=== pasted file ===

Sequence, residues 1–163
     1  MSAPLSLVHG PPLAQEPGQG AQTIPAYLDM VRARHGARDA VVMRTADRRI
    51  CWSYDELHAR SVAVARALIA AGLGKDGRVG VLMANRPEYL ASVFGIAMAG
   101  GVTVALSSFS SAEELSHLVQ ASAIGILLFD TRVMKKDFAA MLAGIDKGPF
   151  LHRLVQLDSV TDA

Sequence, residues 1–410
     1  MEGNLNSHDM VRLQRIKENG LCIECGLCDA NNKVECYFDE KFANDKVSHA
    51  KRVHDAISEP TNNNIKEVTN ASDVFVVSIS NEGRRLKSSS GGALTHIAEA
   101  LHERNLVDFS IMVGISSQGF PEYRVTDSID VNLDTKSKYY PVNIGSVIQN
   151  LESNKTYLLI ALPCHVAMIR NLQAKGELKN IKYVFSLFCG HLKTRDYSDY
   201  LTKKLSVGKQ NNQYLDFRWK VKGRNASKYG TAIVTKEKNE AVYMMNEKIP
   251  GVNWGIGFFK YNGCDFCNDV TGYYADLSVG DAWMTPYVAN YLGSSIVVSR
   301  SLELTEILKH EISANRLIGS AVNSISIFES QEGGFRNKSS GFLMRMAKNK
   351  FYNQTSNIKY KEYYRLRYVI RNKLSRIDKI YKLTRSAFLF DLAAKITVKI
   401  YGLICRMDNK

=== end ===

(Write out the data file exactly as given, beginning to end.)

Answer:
Sequence, residues 1–163
     1  MSAPLSLVHG PPLAQEPGQG AQTIPAYLDM VRARHGARDA VVMRTADRRI
    51  CWSYDELHAR SVAVARALIA AGLGKDGRVG VLMANRPEYL ASVFGIAMAG
   101  GVTVALSSFS SAEELSHLVQ ASAIGILLFD TRVMKKDFAA MLAGIDKGPF
   151  LHRLVQLDSV TDA

Sequence, residues 1–410
     1  MEGNLNSHDM VRLQRIKENG LCIECGLCDA NNKVECYFDE KFANDKVSHA
    51  KRVHDAISEP TNNNIKEVTN ASDVFVVSIS NEGRRLKSSS GGALTHIAEA
   101  LHERNLVDFS IMVGISSQGF PEYRVTDSID VNLDTKSKYY PVNIGSVIQN
   151  LESNKTYLLI ALPCHVAMIR NLQAKGELKN IKYVFSLFCG HLKTRDYSDY
   201  LTKKLSVGKQ NNQYLDFRWK VKGRNASKYG TAIVTKEKNE AVYMMNEKIP
   251  GVNWGIGFFK YNGCDFCNDV TGYYADLSVG DAWMTPYVAN YLGSSIVVSR
   301  SLELTEILKH EISANRLIGS AVNSISIFES QEGGFRNKSS GFLMRMAKNK
   351  FYNQTSNIKY KEYYRLRYVI RNKLSRIDKI YKLTRSAFLF DLAAKITVKI
   401  YGLICRMDNK